This week saw the end of exams (and a return to blogging!) for me, so when I was invited down to try Jamie’s Italian Birmingham in the Bullring it was the perfect way to celebrate. Though surrounded by other popular places to eat out, all perfectly situated for a shopping break or an evening meal before hitting the bars, this celebrity chef restaurant offers more than your average chain, but still with reasonable pricing and a relaxed atmosphere.
As soon as you enter the restaurant, it’s obvious that Jamie’s personality and attitude to great food is going to come through. The urban and almost industrial decor creates a really down-to-earth vibe, and the staff were all incredibly friendly and welcoming. The menu is full of Jamie’s signature superlatives which emphasized the no-nonsense approach to quality grub. Becky, our server for the evening, knew the menu and the specials inside out and definitely convinced us that we were in good hands.
The menu itself we found somewhat limited. The choice was very thin on the ground if you’re a vegetarian or vegan (although it did say to let your server know, suggesting dishes could be altered to suit dietary requirements). Also, if you have your firm Italian favourites, such as spaghetti bolganaise or lasagne, then you’ll find yourself being forced to push the boat out, which is no bad thing perhaps, but the absence of any pizza was an interesting move for an Italian, and one that may disappoint a lot of people!
For drinks we ordered cocktails, and decided to try our favourite classics to see how Jamie’s Italian would fare. My favourite, an Amaretto Sour, stuck to the traditional ingredients of amaretto, lemon juice and sugar syrup, getting the quantities just right between a sweet and tangy taste, making it fine to sip with a meal. The Boyf’s ‘Jamie’s Mojito’ again had the perfectly balanced flavours of a classic mojito, but was topped with Jamie’s prosseco instead of soda water which added a really nice twist. Jack also ordered a ‘Ginberry’ which was that evening’s special cocktail. The blend of Bombay Saphire gin, manzana verde, apple and lemon juice and berry compote created a refreshingly fruity drink, although the amount of crushed ice it was served over meant it was over all too soon.
To start The Boyf opted for a ‘plank’ of seasonal vegetables. The plank was served on top of two cans of chopped tomatoes which was an interesting feature, and included gorgeously chargrilled and marinated vegtables, a mini ball of buffalo mozeralla, a slice of pecorino cheese, ‘crunchy kale slaw’, pickles and the ‘world’s best olives’. Every mouthful (I am told) of the selection was a treat; the oily marinade of the vegetables was spot on and the slight spice to the mozerella was a really nice touch. Jack and I both agreed that the ‘world’s best olives’ were, in fact, the world’s best, and now any supermarket-bought olives will be a disappointment in comparison. For my starter I had the Sicilian Caponata Brushchetta, which was piled high with aubergine, ricotta and pine-nuts, though slightly over-powered by the balsamic vinegar.
For our mains we both chose something from the pasta menu. I opted for the Vegetable Rotolo Al Forno which came as two pasta parcels of pumpkin, squash, spinach and ricotta, surrounded by a tomato sauce and topped with parmesan and breadcrumbs. This main was a winner for me; the unusual addition of pumpkin and squash complemented the ricotta and spinach beautifully and there was neither too much nor too little. Jack chose the ‘Famous Prawn Linguine’ as it had indeed been recommended to him before we went. The overall conclusion of his main however was that it was nothing special. The flavours simply weren’t strong enough to make an impression, and he admitted that he felt he could probably have made it at home, which is not what you expect from a celebrity chef dish.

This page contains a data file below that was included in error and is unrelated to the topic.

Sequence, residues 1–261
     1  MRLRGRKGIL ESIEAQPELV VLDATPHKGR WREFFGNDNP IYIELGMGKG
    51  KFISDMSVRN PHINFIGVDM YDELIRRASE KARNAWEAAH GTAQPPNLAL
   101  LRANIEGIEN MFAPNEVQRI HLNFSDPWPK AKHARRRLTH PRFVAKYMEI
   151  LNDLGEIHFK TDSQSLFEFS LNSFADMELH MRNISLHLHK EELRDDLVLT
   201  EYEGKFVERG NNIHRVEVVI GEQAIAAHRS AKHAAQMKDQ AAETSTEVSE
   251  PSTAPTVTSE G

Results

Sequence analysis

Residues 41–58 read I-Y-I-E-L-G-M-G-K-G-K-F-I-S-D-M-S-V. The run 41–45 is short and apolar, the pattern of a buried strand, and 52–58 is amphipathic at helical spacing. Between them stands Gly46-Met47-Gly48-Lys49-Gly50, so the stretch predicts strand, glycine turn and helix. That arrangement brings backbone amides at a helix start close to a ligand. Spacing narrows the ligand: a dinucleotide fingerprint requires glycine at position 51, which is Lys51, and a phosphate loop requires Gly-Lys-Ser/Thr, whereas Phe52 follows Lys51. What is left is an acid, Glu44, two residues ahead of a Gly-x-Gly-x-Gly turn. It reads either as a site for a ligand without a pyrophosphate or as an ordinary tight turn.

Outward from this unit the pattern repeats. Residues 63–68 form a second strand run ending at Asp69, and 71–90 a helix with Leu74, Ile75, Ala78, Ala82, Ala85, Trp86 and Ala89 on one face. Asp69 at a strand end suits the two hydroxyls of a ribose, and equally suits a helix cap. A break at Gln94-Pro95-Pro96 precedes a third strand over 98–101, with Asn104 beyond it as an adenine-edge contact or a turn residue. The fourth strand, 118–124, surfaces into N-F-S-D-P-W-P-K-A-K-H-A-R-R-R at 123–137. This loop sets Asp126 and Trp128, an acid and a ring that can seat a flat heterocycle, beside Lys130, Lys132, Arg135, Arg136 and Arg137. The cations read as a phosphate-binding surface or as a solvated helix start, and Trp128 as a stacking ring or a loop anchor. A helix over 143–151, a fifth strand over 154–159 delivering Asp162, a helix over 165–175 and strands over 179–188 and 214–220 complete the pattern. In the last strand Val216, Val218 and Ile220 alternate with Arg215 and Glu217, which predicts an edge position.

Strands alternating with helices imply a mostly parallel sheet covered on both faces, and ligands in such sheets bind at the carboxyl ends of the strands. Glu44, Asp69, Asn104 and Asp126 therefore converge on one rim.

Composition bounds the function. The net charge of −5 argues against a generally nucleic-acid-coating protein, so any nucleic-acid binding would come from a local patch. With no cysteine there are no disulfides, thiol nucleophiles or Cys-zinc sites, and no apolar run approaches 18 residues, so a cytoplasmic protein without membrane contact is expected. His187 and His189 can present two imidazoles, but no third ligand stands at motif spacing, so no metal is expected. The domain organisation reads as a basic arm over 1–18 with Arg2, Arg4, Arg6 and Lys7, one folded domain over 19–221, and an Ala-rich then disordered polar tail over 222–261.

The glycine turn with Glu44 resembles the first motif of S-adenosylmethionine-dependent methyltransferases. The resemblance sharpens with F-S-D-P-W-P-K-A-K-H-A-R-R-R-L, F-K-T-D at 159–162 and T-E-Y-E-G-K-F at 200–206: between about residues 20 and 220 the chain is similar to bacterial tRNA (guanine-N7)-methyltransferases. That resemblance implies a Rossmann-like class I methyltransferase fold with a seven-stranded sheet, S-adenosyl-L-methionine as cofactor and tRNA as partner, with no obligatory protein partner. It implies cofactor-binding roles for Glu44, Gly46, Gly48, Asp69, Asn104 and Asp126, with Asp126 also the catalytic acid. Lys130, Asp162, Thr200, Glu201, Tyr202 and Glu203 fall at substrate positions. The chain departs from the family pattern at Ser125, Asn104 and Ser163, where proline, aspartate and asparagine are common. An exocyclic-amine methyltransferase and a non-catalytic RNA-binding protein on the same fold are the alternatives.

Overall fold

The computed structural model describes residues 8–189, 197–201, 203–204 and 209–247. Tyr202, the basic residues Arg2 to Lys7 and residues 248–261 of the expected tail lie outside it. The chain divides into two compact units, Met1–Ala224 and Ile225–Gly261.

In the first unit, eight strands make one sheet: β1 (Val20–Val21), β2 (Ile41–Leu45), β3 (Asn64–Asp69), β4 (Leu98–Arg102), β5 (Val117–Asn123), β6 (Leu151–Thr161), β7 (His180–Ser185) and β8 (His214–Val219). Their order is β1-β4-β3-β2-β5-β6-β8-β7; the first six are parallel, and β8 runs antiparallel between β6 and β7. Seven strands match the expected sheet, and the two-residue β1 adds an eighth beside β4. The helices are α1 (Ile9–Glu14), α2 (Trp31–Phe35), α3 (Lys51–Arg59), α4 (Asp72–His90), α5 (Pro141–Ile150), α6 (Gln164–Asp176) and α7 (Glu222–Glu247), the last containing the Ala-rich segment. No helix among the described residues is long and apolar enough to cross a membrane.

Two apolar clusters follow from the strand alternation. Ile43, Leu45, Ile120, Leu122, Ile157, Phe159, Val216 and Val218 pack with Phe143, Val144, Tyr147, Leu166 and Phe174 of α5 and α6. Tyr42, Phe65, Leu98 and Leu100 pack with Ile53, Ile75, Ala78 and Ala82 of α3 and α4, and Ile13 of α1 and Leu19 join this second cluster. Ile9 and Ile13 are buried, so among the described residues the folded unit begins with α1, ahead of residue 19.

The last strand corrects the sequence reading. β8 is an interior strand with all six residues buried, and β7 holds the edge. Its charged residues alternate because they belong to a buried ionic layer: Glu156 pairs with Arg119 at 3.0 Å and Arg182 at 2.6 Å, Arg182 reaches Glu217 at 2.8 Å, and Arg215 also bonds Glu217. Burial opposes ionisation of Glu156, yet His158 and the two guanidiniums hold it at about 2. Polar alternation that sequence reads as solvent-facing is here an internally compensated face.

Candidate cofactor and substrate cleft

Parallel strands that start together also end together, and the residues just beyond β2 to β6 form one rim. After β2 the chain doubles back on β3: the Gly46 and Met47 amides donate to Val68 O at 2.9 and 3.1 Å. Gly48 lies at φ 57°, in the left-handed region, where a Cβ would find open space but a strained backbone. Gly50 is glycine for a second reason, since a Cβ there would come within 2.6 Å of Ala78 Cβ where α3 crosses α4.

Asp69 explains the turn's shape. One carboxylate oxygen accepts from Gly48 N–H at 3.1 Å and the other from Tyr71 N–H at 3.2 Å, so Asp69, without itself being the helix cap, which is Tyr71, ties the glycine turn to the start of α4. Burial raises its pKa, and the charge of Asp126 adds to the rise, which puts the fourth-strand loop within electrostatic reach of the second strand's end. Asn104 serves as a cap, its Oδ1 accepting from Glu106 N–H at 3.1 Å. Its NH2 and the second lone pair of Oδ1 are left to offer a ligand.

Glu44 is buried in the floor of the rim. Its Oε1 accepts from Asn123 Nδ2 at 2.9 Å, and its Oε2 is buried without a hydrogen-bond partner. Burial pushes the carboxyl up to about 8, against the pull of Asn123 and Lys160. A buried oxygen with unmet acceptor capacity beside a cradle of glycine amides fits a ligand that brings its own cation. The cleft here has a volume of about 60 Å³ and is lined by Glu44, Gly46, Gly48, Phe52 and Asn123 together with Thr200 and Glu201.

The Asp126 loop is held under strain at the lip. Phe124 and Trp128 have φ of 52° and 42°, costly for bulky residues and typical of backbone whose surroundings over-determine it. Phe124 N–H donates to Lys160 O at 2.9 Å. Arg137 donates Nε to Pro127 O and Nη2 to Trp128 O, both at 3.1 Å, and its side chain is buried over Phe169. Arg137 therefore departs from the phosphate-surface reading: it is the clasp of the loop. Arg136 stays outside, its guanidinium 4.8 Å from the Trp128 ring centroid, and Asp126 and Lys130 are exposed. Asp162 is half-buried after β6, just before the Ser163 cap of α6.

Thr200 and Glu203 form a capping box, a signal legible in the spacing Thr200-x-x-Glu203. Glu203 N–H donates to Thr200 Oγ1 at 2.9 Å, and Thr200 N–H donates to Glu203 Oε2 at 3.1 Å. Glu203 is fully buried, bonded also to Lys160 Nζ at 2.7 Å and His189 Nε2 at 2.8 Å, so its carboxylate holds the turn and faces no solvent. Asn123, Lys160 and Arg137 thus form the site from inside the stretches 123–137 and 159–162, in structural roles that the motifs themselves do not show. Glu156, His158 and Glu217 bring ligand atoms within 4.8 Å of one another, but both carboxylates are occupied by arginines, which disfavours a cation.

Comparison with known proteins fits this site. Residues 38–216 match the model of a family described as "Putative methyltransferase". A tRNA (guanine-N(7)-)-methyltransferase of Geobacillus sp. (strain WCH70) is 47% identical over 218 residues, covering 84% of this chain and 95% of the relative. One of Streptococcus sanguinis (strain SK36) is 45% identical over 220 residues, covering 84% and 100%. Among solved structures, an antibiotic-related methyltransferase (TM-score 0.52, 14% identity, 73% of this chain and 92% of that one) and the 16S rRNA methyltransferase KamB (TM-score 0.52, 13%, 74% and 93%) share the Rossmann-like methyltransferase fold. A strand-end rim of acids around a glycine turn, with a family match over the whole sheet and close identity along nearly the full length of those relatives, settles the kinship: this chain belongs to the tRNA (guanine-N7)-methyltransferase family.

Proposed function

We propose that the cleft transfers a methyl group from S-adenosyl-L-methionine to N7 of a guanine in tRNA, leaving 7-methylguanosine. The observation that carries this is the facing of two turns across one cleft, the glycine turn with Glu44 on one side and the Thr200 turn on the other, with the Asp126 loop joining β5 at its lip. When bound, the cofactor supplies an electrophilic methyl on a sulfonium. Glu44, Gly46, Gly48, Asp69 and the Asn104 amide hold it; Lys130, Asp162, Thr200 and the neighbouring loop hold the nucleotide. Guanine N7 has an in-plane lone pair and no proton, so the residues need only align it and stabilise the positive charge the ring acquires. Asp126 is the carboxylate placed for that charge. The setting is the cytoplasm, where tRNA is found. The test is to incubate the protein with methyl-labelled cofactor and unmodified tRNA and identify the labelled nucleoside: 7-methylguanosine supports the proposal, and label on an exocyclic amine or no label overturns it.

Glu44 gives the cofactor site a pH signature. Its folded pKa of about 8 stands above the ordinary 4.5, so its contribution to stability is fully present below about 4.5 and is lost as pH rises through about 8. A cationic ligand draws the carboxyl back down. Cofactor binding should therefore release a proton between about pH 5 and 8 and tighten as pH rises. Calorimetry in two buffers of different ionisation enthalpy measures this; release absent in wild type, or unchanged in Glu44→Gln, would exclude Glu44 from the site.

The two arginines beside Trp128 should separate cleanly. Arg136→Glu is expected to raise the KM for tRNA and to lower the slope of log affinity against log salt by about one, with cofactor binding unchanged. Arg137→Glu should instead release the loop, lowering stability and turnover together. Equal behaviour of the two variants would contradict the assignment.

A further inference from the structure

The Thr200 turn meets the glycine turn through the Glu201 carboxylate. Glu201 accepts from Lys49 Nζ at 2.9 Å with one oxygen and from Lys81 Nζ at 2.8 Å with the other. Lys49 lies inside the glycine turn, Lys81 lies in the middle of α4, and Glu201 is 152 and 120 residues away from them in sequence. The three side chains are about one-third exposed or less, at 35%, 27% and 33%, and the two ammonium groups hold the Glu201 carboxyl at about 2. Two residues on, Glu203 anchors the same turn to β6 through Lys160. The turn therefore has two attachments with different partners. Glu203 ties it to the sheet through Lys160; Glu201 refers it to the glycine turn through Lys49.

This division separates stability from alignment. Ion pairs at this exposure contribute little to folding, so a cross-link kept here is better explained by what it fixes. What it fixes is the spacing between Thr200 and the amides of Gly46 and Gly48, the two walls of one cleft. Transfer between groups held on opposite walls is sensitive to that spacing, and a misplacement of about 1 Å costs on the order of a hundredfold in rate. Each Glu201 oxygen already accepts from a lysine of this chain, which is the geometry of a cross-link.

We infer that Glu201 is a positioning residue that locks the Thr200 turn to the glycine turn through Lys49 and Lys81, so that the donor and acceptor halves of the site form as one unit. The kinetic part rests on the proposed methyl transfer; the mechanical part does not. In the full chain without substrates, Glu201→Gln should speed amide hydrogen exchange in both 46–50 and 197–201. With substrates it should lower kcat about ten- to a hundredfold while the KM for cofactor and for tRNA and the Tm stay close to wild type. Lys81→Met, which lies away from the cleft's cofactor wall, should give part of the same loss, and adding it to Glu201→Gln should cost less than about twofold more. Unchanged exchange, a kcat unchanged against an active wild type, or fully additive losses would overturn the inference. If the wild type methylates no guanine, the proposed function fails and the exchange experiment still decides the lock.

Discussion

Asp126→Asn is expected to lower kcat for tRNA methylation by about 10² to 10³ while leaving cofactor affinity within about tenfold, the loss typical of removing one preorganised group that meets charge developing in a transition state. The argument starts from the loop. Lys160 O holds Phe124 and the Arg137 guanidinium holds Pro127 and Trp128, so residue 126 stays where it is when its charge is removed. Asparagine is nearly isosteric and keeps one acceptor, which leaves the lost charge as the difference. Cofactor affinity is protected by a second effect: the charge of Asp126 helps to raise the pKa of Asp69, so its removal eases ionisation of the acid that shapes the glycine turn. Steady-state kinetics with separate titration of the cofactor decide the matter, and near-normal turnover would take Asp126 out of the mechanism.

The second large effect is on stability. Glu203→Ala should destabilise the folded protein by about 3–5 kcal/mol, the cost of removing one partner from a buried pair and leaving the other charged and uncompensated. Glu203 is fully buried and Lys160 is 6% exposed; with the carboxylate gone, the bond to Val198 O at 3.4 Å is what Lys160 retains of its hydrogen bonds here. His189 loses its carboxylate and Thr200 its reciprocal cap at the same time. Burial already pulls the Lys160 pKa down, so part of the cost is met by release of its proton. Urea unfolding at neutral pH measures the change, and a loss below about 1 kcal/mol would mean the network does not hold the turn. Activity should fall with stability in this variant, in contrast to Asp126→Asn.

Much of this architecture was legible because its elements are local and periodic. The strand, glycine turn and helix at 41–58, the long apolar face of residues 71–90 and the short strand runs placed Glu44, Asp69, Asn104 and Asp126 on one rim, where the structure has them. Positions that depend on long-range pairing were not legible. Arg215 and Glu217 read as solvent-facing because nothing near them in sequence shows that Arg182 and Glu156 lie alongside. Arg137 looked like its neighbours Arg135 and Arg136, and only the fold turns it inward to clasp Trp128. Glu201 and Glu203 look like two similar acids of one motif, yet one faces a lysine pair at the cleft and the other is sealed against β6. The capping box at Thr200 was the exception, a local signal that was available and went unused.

Though I was feeling full already, I knew I had to get desert when I spotted the sour cherry and almond tart (I even had some amaretto sour left to go with it!). The pastry tart with almond sponge, sour cherries, crushed amaretti biscuits and whipped honey cream was no disappointment and I only wish I had saved more room for it! The cream saved the desert from being dry and the hint of honey was a great addition to the classic flavour combination of the tart. The boyf chose the ‘epic’ chocolate brownie to finish, which was served with vanilla ice-cream and caramel popcorn. Unfortunately there was nothing ‘epic’ about this desert, it was simply your average brownie with ice-cream, and we both agreed we’d had far better.
Overall the Jamie’s Italian experience made for a really nice evening out. The service and atmosphere managed to be down-to-earth yet classy (we particularly appreciated the feel-good playlist in the background), and Jamie’s un-snobbish approach to cooking really came through and was very welcome. Though we weren’t consistently blown away by the food, we would still happily visit again and recommend it to anyone looking for a really pleasant and reasonably priced dining experience in the city centre. Thanks to Jamie’s for having us, and to Becky for looking after us so well for the evening. You can find Jamie’s Italian on the outside of the Bullring opposite St. Martin’s Church, just a 30 second walk from the indoor shops.
*I was invited to Jamie’s for review purposes and our bill was partly complimentary. This does not affect my honest opinion.